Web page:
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Looking at mise-en-scene, cinematography and sound in the film Leon (Luc Besson) 1994.

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Focus on how one or more of mise-en-scene, cinematography, editing and and sound create meaning and generate response in a film sequence of no more than seven minutes. I will be looking at mise-en-scene, cinematography and sound in the film Leon (Luc Besson) 1994 In the opening sequence of Leon, Besson uses a travelling aerial shot of a lake followed by a huge park, which is finally dominated by huge, cosmopolitan skyscrapers. The camera rests here to show the contrast in jungle and urban life. We then enter the urban city, where several travelling shots going through the streets are used giving an apparent sense of setting and location. The added use of non-diagetic sound combined with many beautiful shots of New York's streets combine to produce a very mysterious atmosphere. This mood is enhanced once we zoom in to the dark open doorway of a small Italian restaurant. The first image of Leon goes hand-in-hand with the first scene, as we see him only in an extreme close-up of his eyes, which are concealed beneath sunglasses. ...read more.


This is complimented by the continual nervous and eerie music. There is a striking diagetic sound as the music dies down to the sound of the lift door opening, yet once the bodyguards realise that Leon is not in the lift, a sudden burst of panic and fast paced movement erupts. This is emphasised by the loudness and fast paced music. Now the camera becomes more unsteady to convey the bodyguard's increasingly desperate situation. The stylish and sophisticated way that Leon assassinates each bodyguard in turn shows his cool, calm and collected manner. His firm, professional movements contrast greatly with the mood of louder, fast paced music surrounding the frightened and panicking bodyguards. The eerie music used throughout this sequence gives a strong impression that the bodyguards are trying to fight something ghost-like, or even supernatural. Leon remains invisible, striking precisely and then vanishing without trace. The scene continues with panning camera shots conveying death and how the victim has been left alone, as the only survivor. ...read more.


As a result of this, an implication of humour is added. This results in a drop in the intense suspense of the scene, and the atmosphere is almost calm. However, once Leon is told by his boss to "make him understand, then let him go," intense and sinister sound effects creep in and the mood transforms entirely, adding tension and trepidation. However, this is only short lived, as Leon only makes the victim say "I understand," which again adds humour. Leon slips back into the shadows with ghostly and mystified sounds following his exit. These sounds reinforce his sinister and mysterious nature. Although admittedly some scenes have a comical side to them, Besson's fast paced action and gruesome images hold the tension and suspense brilliantly. His use of close-ups and camera movements, especially the subjective stance used by the victim, convey the feelings felt by the characters and the way in which they behave. Sound plays a crucial role in the opening sequence because, in my view, it is used to control the level of suspense and intrigue. ...read more.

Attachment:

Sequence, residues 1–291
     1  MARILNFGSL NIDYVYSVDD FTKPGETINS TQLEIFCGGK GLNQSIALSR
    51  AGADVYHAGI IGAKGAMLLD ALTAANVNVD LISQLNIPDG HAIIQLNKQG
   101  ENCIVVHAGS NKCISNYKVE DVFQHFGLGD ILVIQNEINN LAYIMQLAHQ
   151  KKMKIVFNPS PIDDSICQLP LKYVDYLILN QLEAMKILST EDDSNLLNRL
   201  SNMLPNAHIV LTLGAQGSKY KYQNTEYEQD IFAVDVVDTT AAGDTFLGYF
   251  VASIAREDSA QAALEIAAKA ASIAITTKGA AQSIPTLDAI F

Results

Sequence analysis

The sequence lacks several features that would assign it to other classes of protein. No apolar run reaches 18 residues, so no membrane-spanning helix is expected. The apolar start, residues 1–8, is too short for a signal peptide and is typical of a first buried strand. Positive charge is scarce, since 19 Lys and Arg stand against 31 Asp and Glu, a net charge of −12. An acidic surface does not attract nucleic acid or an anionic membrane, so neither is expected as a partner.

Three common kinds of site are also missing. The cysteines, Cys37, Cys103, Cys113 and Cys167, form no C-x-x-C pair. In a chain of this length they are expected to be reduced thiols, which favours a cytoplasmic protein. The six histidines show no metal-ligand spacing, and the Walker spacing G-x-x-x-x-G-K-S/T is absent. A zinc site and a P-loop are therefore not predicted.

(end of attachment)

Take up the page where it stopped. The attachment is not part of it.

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Here's what a teacher thought of this essay

4 star(s)

I think this is a very strong analysis of the emotional impact of a well directed action sequence, and the author is beginning to use the technical language of film studies very naturally. All it is lacking is a little reflection on the "deeper meaning" of the scene in general, in the form of some discussion of the very fine moral line that Besson is walking with the way he characterises Leon.

Think about it: Is Leon a "good guy" in the traditional sense of this term? If he's not a good guy, why do we like him?

This essay reveals some of the ways that Besson pulls off the very difficult trick of making us identify with Leon, and to think of him as a sympathetic and attractive character even though he is basically an emotionally retarded multiple murderer.

How can we identify with a murderer while still being able to believe that we are "nice people"? How does Besson help us to do this? Think about how his careful blend of comedy and violence keeps you hooked into the narrative; or the way he presents Leon as "a kind of innocent" and also as "a kind of god"; or the way he makes sure Leon's lethal fury is only ever directed at clearly identified "bad guys" etc.

Current grade: The detail and depth of the analysis, and the natural use of the technical language, means this essay merits 3.5 stars.

Marked by teacher Govinda Dickman 07/08/2013

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